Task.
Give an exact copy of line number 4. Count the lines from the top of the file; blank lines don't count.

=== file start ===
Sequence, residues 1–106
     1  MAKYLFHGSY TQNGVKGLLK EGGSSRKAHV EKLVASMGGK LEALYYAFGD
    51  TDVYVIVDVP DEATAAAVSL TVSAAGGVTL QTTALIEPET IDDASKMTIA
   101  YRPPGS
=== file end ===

   101  YRPPGS